Melbourne-based start-up Study Loans has taken a leaf out of US lender SoFi’s playbook as it plans to securitise student loans and potentially break into the domestic mortgage market.
Mortgage Business understands that San Francisco-based SoFi, which raised US$500 million earlier in the year to fund a global expansion, has obtained its Australian Credit Licence (ACL) and will soon begin offering home loans Down Under.
SoFi was established in 2011 by a handful of Stanford students eager to find a more affordable funding option for their studies. The group went on to form a peer-to-peer model before moving into securitisation. They now offer mortgages and car loans and have funded more than $20 billion to date.
SoFi’s success has been watched carefully by Melbourne-based Brett Shanley, co-founder and CEO of student loan provider Study Loans.
“SoFi is an incredible growth story,” Mr Shanley told Mortgage Business. “Within six years, they have grown their market cap to about $50 billion and moved from a peer-to-peer to a securitisation structure.
“Have I looked at SoFi and have I taken that into consideration? Absolutely. If I can emulate a tiny amount of that success, I would be incredibly proud.”
Mr Shanley recognised that the world of education is shifting with the forces of technology and government funding. Lengthy university degrees are being replaced by what he calls ongoing learning in “bite-sized chunks” as the workforce adapts to new industries and the educational requirements underpinning them.
Frustrated with the federal government’s budget cuts for tertiary education and job-specific training programs, Mr Shanley said that there is a shortfall of billions of dollars. He added that a growing number of education providers are not on the government’s funding list.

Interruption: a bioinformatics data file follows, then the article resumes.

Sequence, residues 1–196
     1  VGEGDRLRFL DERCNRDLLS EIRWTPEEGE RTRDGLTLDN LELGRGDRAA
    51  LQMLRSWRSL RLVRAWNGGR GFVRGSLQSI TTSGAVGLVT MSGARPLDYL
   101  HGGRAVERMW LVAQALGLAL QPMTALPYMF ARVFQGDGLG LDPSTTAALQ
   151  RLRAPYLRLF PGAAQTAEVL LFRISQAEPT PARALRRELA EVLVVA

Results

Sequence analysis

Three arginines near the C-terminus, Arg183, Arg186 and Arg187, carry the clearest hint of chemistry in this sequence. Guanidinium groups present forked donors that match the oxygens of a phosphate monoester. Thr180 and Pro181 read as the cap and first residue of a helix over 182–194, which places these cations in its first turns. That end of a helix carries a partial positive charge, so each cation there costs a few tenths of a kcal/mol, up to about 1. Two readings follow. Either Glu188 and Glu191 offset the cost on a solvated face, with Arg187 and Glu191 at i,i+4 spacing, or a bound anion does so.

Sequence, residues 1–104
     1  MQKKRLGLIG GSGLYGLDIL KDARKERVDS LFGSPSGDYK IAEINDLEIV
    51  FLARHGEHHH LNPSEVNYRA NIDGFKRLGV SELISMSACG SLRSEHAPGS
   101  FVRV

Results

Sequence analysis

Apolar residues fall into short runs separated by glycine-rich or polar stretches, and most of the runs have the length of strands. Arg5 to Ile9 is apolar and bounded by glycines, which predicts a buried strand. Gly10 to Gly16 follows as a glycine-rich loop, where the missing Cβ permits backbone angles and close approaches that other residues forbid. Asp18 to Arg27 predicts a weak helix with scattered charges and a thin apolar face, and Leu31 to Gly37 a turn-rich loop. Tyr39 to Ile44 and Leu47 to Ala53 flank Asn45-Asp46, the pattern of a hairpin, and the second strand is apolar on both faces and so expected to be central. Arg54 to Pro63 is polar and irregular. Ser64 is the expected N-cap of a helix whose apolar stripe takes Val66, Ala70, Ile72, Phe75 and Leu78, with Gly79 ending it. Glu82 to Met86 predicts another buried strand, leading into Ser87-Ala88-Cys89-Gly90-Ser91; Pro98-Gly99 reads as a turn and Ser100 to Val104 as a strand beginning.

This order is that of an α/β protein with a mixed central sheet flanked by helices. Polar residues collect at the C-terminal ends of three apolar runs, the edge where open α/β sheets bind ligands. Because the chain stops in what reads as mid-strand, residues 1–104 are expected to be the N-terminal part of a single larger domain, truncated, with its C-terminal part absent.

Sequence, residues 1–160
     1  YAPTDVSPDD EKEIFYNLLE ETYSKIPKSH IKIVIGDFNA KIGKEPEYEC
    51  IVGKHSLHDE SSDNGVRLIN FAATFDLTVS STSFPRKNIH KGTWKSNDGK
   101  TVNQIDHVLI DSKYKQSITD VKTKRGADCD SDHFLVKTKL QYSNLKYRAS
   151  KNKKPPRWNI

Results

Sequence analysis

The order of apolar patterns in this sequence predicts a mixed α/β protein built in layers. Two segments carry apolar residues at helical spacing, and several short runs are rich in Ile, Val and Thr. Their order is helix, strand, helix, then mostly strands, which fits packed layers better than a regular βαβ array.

“We are a data-driven business looking at the financial and educational attributes of the borrower. What is the likelihood of them completing their course? What is the likelihood of an increase in salary, of their ability to move into a new industry? We are looking at things that lenders traditionally haven’t looked at.
“We want to be the first people to securitise student loans here in Australia.”
The company has raised $5 million debt equity to distribute for the first tranche of loan applications, with help from investors Simonds Family and RMY Corp. They have also completed an additional seed round of $2 million equity to get the business off the ground.
Perpetual are “sitting in the wings” and have been appointed as trust manager and security trustee, Mr Shanley said, adding that a warehouse funding facility is also “ready to go”.
While the lender will be focused on funding Australian tertiary education students for now, Mr Shanley can see significant opportunities for diversification similar to the SoFi model.
“Our current customers are in their 20s," the CEO said. "They don’t have a mortgage or any assets. And they don’t trust the major banks.
“In six years, we will have a loan book of people in their late 20s and early 30s looking for car loans, business loans and mortgages. There is a pipeline of future customers there.”